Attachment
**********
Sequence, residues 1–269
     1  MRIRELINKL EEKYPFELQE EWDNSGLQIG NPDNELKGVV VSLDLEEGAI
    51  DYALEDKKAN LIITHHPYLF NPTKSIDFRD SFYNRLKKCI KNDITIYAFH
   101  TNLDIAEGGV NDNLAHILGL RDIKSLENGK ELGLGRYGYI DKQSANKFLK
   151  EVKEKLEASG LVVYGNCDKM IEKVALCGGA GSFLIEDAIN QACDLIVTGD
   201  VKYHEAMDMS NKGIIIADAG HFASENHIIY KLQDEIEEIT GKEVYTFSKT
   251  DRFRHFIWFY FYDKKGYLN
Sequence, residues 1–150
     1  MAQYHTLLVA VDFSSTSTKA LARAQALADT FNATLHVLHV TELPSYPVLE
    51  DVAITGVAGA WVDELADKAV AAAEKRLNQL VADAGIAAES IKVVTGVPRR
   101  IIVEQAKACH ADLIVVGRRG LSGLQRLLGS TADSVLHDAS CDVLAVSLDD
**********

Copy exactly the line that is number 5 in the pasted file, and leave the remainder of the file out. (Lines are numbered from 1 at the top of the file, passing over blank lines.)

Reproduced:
   151  EVKEKLEASG LVVYGNCDKM IEKVALCGGA GSFLIEDAIN QACDLIVTGD